A report published by Willis Towers Watson (WTW) in late April highlights how the provision in employee benefits has shifted towards mental wellbeing following the global pandemic. Eighty-seven per cent of employers now say they are ‘concerned’ about an increase in mental health problems among staff, which has led three-quarters of companies to prioritise improvements to their employee benefits provision in this area over the short and medium-term.
“Last year many employers shifted very quickly to a new remote way of working. They worked hard to reduce the challenges this posed to employees using existing structures, programmes and benefits. A year later though, many are concerned that the mental health implications of this prolonged period of social distancing needs addressing further,” said Mark Ramsook, Senior Director, Health and Benefits, WTW. “Employers are needing to provide new and enhanced employee benefits, and are introducing initiatives such as peer-orientated support networks and access to trained mental health champions.”
Remote, digital health assistance services in demand
WTW’s report also found that 46 per cent of employers said they will need to expand their own healthcare coverage – nearly three-quarters (72 per cent) of employers re expecting delays to NHS waiting lists to continue.
Further to that, 89 per cent of companies surveyed said that they expect a growth in telehealth services for supporting their employees. And among the digital/remote services that employers had already put in place were mental health services (68 per cent); consultations with GPs (68 per cent); and physiotherapy/musculoskeletal support (45 per cent).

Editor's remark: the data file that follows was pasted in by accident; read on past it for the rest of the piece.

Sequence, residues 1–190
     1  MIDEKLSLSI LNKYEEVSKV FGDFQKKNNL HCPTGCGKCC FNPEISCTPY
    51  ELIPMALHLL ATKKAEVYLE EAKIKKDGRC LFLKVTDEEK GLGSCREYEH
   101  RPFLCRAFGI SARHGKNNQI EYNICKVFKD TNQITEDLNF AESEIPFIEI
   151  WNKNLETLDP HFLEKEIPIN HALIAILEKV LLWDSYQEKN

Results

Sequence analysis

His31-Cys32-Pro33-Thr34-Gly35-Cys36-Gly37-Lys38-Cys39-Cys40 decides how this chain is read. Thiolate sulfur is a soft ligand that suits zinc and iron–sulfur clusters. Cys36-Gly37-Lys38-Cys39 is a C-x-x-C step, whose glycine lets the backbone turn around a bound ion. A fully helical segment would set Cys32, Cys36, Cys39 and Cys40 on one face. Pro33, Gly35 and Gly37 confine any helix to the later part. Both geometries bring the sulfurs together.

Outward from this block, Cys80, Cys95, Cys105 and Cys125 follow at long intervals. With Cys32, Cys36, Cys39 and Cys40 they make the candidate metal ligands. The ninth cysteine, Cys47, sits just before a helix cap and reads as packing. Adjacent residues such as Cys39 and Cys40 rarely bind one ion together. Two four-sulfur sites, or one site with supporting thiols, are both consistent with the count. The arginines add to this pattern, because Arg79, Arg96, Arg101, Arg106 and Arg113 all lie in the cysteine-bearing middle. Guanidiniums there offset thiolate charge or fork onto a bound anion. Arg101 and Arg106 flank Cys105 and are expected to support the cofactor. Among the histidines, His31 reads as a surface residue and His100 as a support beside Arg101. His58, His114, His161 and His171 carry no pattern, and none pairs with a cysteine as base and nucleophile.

Lastly, WTW identified that organisations are planning to offer more menopause-support benefits, while 38 per cent said they would offer specific male/female gender screening, and 43 per cent said they would offer remote or online health screenings and assessments.
With the past 12 months that we’ve all had to endure, it’s great to see employers making plans to upscale their employee benefits offerings, placing the health and wellbeing of their staff at the centre of their operations. Employee assistance programme (EAP) providers should take heed of this data uncovered by WTW and adapt their offerings accordingly – better still if these offerings can be tailored to meet the various needs of different generations in the workforce.